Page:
Speech Defending Attacks on Civilians: A Thought Experiment
I’ve heard some suggest that it’s proper for universities to expel students for publicly defending the Hamas murders. (This has included both public universities and private universities that had pledged to protect student free speech.) Others have suggested that faculty members who defended the murders be fired. And there have been calls for nonacademic employers to refuse to hire students who have defended the murders. (Such refusals to hire based on a student’s speech are legal in most states, though illegal in some.)
If you take this view, let me ask this hypothetical. Say that a student or a professor writes something like this:
With Iran getting a nuclear bomb soon, Israel has to make clear: If Iran (with a population almost 10 times that of Israel) bombs an Israeli city, Israel will bomb an Iranian city, aiming to kill 10 times the number of people killed by the Iranian bomb.
And none of this pretense about limiting the bombing to military targets. Japan surrendered because it was facing the loss of cities, not of military capacity. This is what Mutually Assured Destruction needs to be: tit for tat, civilian deaths for civilian deaths. In war, civilians pay for the sins of their governments, and the prospect of civilian deaths is often the main deterrent to aggression, or the main impetus to surrender; that’s just the way it is.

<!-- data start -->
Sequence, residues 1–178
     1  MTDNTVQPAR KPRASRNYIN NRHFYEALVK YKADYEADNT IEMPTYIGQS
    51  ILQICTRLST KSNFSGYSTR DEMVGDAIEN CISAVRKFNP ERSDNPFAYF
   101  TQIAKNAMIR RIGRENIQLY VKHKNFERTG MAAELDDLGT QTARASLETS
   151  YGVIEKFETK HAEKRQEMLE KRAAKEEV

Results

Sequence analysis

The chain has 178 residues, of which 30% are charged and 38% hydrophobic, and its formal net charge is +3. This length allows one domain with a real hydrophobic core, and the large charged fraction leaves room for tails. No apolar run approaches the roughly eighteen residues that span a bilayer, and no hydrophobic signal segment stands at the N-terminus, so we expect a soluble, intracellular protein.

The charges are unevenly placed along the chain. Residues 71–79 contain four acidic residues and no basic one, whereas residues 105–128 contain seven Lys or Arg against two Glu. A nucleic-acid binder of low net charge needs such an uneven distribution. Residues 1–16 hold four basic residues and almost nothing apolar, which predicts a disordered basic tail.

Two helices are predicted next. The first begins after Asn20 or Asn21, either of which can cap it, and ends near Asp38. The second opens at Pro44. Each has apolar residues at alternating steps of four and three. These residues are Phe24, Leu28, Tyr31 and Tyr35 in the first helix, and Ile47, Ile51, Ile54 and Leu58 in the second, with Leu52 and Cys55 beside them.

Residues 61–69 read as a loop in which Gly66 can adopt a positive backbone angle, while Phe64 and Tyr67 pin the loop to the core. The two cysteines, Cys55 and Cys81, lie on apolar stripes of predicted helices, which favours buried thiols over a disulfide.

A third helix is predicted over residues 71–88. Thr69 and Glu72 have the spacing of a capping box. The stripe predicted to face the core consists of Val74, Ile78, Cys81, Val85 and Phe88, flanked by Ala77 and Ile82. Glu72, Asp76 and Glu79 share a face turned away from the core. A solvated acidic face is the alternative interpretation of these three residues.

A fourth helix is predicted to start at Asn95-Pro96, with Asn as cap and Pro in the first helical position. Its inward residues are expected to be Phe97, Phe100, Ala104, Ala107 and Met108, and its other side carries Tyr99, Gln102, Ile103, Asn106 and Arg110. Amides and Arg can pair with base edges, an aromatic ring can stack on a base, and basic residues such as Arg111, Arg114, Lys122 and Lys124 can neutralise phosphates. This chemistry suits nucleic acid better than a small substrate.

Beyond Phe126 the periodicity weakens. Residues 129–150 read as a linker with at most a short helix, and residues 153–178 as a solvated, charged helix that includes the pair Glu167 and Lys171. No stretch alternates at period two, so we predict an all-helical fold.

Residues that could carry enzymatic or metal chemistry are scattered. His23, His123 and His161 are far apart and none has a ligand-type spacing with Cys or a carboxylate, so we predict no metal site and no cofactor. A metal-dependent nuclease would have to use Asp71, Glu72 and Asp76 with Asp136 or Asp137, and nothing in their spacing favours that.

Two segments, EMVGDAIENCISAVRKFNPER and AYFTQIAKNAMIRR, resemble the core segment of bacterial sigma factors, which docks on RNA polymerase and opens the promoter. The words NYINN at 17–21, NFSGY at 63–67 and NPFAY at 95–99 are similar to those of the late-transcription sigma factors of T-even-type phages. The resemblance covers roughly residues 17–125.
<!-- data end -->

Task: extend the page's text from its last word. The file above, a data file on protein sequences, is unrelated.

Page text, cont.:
What would your view be?
- The hypothetical author should be fired/expelled/etc. just like the pro-Hamas author. He’s embracing the deliberate killing of civilians; such advocacy is immoral and creates a hostile environment f
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